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49ers season may not be a lost cause after all



hyde carlos denver preseason

Chip Kelly won’t be making the playoffs in his first year as the head coach of the 49ers. He won’t be finding a long-term solution at the quarterback position, either.

But Saturday against the Denver Broncos was a perfect display of what Kelly can hope to squeeze out of a frustrating season.

Young building blocks Eric Reid and Carlos Hyde were the stars of the show in preseason game No. 2 and that trend could continue come Week 1. The 24-year-old safety had an interception return for a touchdown. Hyde slugged his way through a dense Denver defense on a 20-yard gallop, and also scored a touchdown for himself.

If Reid, Hyde and a handful of other young building blocks make big personal jumps in 2016, the 49ers will be sitting in a much prettier place come 2017, where they can hopefully insert a quarterback into the puzzle.

The season before Russell Wilson arrived in Seattle, the Seahawks were doing the same exact thing — developing their core roster. It’s exactly what the 49ers hope to emulate. Kam Chancellor and Richard Sherman each had four interceptions, K.J. Wright was a young linebacker who posted 50 tackles and Doug Baldwin snagged 51 receptions and four touchdowns. Even with a band-aid at quarterback in Tarvaris Jackson, the 2011 Seahawks became an incubation lab for young talent waiting for liftoff once a promising quarterback arrived.

Theoretically, the same can happen in San Francisco. While the fan base has justifiable frustrations with Blaine Gabbert and Colin Kaepernick, there are pieces in place that can evolve and grow as football players. The talent may not be as elite as Seattle’s, but the foundation is there.

The maturation process can take time in the NFL, and different aspects can lead different players to hone in on their potential. Reid just had his second child, and is in a contract season. Hyde, drafted in 2014, completely missed out on the Harbaugh era and desperately wants to return to the winning ways he experienced at Ohio State.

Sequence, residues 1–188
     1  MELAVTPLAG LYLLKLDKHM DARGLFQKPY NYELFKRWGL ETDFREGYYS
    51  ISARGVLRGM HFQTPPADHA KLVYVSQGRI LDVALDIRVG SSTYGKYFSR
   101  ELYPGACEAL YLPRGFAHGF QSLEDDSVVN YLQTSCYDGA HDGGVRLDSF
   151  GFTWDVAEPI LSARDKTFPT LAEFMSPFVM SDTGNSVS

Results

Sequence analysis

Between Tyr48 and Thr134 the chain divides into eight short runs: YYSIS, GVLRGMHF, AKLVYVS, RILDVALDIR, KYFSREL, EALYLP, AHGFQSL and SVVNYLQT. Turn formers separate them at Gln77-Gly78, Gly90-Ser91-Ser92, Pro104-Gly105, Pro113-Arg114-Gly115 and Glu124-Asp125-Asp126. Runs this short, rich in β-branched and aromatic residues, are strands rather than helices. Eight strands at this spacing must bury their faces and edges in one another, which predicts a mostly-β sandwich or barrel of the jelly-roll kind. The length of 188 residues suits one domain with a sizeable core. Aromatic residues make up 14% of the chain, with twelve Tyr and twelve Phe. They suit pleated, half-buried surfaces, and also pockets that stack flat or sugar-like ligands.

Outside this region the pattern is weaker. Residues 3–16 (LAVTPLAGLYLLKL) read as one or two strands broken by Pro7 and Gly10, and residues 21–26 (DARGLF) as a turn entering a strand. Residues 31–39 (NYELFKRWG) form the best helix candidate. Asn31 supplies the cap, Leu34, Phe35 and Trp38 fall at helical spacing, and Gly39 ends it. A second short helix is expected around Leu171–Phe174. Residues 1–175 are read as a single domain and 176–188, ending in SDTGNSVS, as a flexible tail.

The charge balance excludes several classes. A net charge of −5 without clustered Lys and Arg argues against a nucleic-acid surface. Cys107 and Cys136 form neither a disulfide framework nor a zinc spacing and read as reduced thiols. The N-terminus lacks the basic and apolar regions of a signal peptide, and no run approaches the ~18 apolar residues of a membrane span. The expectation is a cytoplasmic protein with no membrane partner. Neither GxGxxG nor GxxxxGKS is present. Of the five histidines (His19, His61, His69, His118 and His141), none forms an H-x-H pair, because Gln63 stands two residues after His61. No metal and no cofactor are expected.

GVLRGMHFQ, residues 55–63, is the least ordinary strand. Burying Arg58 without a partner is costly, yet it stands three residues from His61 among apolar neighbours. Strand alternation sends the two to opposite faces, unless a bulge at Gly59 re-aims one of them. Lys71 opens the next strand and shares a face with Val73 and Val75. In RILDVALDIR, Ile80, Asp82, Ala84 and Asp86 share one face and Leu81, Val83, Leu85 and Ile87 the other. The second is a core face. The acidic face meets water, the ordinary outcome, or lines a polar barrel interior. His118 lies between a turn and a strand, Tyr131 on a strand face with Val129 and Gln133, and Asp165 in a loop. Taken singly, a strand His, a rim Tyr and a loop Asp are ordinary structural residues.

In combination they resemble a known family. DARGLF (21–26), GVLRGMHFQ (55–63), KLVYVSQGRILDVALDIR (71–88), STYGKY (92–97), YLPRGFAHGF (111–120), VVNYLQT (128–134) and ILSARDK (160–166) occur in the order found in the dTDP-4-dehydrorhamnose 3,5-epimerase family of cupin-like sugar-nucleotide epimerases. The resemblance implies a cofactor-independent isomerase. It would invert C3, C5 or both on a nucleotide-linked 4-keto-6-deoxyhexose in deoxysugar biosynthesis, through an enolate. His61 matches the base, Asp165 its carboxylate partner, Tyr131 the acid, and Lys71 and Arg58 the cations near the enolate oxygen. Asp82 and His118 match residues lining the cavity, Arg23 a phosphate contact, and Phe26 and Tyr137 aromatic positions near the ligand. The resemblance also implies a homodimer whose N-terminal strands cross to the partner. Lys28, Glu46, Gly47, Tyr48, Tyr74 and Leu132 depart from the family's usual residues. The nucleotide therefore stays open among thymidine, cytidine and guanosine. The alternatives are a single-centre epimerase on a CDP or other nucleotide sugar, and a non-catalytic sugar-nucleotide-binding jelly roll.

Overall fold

“Going against the team who won the Super Bowl last year, those guys, they are up there,” Hyde said about the Broncos. “We’re trying to get to where they’re at.”

If Reid becomes an elite safety in the NFC and Hyde rushes for 1,300 yards, the 49ers are going to be grinning from ear-to-ear — and it could save GM Trent Baalke’s job, even with a 5-11 record. They’ll need help, of course, especially from their young compadres.

Arik Armstead and DeForest Buckner will have to become playmakers, not space-eaters. Eli Harold needs to emerge as a consistent pass rusher. Whether it’s Gerald Hodges, Ray-Ray Armstrong or Michael Wilhoite, somebody has to be a reliable coverage linebacker next to NaVorro Bowman. Obviously, how well Jimmie Ward and Tramaine Brock play will have a direct effect on Reid. If he’s cleaning up their messes, he’ll never make the leap; if they’re locking down receivers, he’ll have more freedom to jump passes like he did in the first quarter on Trevor Siemian.

For Hyde, success will be more challenging. Struggles from Gabbert and/or Kaepernick will lead to opposing defenses stacking eight in the box — forcing one of the flawed quarterbacks to beat them through the air and suffocating any running lanes for Hyde. Quinton Patton and Bruce Ellington will have to get open if Hyde’s going to break out. An improved offensive line could be Hyde’s saving grace, and he is going to become a larger pass-catcher out of the backfield. Most importantly, Hyde also has to prove he can stay healthy for 16 games.

If there are two players poised to breakout in 2016, you saw it on the field in Denver Saturday night. Eric Reid and Carlos Hyde’s potential stardom is so close you can taste it. If they produce come September, 2016 won’t be a completely wasted season after all.